Reentrancy

WARNING – THIS DOES NOT WORK - Using SIMS to do multiple authentications doesn’t work

public void GetPicturesMethodA()
{ 
    /// Queue is the set of requests for pictures - the id of the image, 
    /// user requesting them and their passwords are stored in the queue.
    Queue q = new Queue();
    q.Add(1,"blacka","abcd");
    q.Add(2,"Domain\\blackb","abcd");
    q.Add(3,"blackc","abcd");
    q.Add(4,"Domain\\blackd","abcd");
    q.Add(5,"blacke","abcd");
    q.Add(6,"blackf","abcd");
    while (true)
    {
        QueueMember m = q.Next();
        if (m == null)
        {
            break;
        }
        else
        {
            if (BLink.LoginHelper.SIMSlogin(textBoxServer.Text, 
                    textBoxDatabase.Text, m.User, m.Password))
            {
    
                GetPicture(m.ImageId);
            }
        }
    }
         
}

Looks a lot easier to code! But as pointed out above, the domain users in the list cannot both work. That is however not the only shortcoming of the method above. The code snippet below allows an application to check whether the user has a specific SIMS Permission.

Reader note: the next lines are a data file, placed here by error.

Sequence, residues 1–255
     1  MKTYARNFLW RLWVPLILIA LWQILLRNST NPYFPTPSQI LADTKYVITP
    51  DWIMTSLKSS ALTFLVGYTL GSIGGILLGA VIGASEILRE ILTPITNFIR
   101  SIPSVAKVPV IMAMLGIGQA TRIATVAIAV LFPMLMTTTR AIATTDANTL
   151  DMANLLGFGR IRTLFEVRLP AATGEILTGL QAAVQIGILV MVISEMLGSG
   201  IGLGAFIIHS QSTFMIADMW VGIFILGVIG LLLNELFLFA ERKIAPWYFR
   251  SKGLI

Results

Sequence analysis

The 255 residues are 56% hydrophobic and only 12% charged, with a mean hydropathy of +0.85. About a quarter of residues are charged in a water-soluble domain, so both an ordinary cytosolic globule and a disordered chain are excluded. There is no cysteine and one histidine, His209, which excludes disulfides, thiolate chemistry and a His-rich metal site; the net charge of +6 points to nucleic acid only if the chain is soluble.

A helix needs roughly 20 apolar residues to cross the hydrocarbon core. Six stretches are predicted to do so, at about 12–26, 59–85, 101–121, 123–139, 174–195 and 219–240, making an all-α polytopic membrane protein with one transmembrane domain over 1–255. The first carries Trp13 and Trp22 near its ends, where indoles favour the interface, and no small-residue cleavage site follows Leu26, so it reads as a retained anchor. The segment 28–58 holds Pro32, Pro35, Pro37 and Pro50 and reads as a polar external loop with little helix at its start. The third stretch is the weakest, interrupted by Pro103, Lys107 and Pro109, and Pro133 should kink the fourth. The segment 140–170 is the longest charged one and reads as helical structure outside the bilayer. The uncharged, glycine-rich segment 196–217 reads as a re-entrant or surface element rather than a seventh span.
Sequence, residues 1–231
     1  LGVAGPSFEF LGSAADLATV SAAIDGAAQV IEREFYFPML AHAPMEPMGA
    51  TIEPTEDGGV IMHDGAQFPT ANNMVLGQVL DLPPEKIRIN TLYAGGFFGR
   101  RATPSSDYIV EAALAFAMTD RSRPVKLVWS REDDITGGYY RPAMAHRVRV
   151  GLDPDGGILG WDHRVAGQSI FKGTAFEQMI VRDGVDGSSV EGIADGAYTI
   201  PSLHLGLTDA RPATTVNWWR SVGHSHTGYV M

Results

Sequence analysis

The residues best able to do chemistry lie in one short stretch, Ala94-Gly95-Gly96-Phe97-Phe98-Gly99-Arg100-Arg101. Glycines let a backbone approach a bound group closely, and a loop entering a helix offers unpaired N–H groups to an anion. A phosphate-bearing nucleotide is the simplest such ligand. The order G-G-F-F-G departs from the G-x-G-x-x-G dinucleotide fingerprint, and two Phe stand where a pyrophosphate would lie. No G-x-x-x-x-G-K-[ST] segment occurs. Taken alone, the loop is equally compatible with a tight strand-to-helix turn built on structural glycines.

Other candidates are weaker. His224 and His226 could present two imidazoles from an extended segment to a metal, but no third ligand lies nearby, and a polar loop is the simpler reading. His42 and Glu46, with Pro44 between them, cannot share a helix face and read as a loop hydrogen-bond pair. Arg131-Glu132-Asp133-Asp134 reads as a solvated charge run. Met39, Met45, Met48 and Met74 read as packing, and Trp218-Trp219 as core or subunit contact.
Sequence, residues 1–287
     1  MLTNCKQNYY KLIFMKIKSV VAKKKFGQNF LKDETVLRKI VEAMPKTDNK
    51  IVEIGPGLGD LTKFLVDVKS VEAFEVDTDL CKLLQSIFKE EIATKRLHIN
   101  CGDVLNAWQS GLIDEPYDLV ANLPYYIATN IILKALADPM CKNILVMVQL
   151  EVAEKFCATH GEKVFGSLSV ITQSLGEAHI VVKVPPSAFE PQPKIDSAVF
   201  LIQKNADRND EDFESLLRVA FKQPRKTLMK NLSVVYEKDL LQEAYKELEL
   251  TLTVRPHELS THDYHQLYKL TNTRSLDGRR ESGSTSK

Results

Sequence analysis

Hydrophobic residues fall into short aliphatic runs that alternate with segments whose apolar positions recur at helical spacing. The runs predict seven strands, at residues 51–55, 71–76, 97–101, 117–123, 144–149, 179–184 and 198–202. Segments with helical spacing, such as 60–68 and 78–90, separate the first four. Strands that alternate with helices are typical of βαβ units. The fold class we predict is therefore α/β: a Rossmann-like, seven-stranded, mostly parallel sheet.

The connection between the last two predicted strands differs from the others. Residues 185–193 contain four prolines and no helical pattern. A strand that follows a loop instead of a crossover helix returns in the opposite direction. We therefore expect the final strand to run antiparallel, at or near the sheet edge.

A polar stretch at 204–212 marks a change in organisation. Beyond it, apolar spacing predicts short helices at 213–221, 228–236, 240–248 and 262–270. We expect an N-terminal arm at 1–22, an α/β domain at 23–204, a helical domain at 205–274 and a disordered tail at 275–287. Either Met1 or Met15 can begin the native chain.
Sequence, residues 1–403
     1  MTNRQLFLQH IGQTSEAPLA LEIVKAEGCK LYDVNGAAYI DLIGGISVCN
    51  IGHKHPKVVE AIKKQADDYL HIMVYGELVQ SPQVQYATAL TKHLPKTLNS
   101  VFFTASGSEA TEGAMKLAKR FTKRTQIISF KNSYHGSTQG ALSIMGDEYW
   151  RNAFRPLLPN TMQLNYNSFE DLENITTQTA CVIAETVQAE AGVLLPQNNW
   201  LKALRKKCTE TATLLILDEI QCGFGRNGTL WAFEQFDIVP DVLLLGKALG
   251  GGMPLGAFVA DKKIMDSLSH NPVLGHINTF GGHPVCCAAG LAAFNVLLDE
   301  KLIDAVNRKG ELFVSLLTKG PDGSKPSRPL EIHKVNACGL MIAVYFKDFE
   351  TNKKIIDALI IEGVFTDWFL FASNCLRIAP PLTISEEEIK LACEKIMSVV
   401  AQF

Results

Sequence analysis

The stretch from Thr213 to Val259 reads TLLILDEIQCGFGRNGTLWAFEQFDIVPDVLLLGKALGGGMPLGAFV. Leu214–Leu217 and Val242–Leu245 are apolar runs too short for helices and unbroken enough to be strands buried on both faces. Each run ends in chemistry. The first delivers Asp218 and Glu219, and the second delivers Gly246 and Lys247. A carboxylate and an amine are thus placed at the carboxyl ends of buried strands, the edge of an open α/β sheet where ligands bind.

if (SIMS.Entities.Cache.ProcessAvailable("ThirdPartyUserManagement"))
{      
   // High level
}

In the sample application, ThirdPartyUserManagement is a high level permission which ‘BlackA’ above has.  ‘BlackC’ does not have the permission.

If you log in as ‘BlackA’ followed by ‘BlackC’ as above, then ‘BlackC’ will also have that permission.  Whilst this is an incorrect result from the perspective of my sample application, the situation would not arise in the normal use of SIMS.